* Q3 op. profit 37.1 mln euros vs 31.1 mln in poll
* Q3 sales up 2 pct to 423.5 mln euros
* Says cost cuts bearing fruit
* Shares rise 10.5 pct (Adds analyst comments, shares)
By Tarmo Virki and Jussi Rosendahl
HELSINKI, Oct 23 Nordic IT services provider Tieto raised its profit outlook for the full year, boosted by a rise in sales and cost cutting as an overhaul of the company bears fruit.
Tieto, which competes with bigger technology services companies such as Accenture and IBM, is aiming to boost its operating profit margin as part of a revamp under new Chief Executive Kimmo Alkio as the euro zone debt crisis clouds the outlook for its customers.
Shares jumped on the report and were 10.5 percent higher at 14.90 euros by midday. Shares in the company have risen around 35 percent so far this year, valuing the firm at 1.06 billion euros ($1.39 billion).
Tieto reported quarterly operating profit excluding one-offs rose 8 percent to 37.1 million euros, beating all analysts' forecasts in a Reuters poll.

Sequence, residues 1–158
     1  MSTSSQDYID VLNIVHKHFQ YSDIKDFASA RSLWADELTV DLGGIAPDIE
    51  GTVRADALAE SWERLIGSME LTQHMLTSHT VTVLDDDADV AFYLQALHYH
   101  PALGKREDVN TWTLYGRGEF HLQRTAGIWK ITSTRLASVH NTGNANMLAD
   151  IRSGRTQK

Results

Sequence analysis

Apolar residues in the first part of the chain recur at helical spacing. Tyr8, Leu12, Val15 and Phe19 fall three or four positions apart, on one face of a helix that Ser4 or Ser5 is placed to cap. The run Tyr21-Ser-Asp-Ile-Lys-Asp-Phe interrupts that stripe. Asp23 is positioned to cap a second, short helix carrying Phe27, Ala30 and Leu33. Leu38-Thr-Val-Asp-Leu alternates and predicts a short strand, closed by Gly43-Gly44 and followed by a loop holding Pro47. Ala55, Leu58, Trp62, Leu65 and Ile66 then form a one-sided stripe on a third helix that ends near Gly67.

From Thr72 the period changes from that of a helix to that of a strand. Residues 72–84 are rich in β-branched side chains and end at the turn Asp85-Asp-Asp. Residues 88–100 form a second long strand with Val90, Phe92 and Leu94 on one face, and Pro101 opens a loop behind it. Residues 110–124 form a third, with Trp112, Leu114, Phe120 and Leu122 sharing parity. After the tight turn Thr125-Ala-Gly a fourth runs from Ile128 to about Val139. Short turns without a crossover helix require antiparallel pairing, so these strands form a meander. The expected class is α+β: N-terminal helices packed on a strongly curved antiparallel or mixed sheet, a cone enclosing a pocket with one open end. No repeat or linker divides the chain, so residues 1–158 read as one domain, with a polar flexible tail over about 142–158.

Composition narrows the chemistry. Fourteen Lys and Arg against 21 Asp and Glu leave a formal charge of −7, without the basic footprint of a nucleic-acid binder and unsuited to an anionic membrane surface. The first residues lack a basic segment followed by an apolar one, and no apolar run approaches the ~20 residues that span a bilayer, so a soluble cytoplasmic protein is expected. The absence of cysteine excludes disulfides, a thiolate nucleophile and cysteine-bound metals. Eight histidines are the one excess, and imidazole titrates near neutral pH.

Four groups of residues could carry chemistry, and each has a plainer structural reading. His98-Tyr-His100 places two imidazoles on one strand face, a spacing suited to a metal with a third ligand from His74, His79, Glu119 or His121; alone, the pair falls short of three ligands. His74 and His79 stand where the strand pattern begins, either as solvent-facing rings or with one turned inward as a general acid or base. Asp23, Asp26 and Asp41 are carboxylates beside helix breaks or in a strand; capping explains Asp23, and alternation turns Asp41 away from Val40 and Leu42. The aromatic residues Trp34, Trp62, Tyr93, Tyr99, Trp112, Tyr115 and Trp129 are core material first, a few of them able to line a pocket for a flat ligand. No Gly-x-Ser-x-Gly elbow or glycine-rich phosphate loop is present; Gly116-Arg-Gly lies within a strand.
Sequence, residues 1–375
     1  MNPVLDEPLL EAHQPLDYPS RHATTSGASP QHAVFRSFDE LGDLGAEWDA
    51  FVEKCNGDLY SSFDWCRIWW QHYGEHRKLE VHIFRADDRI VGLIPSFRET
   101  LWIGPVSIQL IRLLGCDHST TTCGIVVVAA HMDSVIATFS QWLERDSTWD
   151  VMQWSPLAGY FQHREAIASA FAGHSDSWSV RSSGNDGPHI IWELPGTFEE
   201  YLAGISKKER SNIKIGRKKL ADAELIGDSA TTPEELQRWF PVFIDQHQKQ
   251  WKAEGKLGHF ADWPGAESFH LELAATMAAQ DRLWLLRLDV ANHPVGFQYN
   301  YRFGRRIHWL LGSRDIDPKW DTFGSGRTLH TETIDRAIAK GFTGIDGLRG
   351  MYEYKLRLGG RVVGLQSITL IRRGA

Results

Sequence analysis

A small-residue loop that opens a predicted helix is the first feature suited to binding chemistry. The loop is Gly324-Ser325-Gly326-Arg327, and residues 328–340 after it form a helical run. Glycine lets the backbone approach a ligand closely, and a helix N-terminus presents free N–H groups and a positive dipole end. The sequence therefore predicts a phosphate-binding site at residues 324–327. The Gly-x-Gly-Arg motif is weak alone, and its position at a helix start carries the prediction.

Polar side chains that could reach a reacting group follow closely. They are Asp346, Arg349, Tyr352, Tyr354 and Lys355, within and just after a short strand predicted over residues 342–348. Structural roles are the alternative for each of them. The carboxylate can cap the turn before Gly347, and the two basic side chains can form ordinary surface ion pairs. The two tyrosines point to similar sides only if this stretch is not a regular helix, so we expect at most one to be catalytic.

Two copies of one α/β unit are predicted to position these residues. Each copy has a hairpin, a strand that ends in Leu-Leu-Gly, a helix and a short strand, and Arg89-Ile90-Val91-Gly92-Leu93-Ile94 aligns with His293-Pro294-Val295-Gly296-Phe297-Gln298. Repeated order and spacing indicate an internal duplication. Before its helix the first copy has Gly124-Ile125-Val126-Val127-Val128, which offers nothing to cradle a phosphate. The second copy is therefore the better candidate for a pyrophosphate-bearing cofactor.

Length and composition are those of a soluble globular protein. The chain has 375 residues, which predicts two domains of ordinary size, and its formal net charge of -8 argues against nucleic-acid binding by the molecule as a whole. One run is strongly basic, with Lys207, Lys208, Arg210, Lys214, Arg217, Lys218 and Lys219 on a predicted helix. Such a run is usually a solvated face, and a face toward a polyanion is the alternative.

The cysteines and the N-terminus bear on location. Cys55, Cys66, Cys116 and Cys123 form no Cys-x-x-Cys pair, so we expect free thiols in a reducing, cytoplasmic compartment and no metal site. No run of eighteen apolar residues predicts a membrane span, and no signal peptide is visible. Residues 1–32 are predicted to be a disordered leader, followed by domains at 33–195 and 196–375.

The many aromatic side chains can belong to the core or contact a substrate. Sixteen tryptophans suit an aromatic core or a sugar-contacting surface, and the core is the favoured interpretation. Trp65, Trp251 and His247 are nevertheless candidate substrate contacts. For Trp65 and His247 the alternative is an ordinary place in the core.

Tieto said profit was boosted by a 7 million euro drop in subcontracting costs.
"The result is very good, and it shows that the company has been able to adjust its cost base despite client behaviour and changes in demand," said Evli analyst Mikko Ervasti.
Sales grew 2 percent to 423.5 million euros, also beating all forecasts, which ranged from 393 million euros to 420 million euros.
Full-year operating profit, excluding special items, was expected to rise more than 10 percent, Tieto said, having previously not specified growth.
Tieto aims to reach a 10 percent operating profit margin by 2016. So far this year its underlying operating profit margin stands at 6.9 percent.
Rival Atos, which will report this Thursday, is targeting 2012 operating margin rising to 6.5 percent of revenue from 4.8 percent in 2011 on a proforma basis. Capgemini has forecast its margin to improve from 7.4 percent last year.
Tieto said it does not expect its sales to grow this year and warned "the overall IT services market may reflect cautiousness at the beginning of 2013" due to weak economies. ($1 = 0.7651 euros) (Reporting By Tarmo Virki; Editing by David Cowell and Louise Heavens)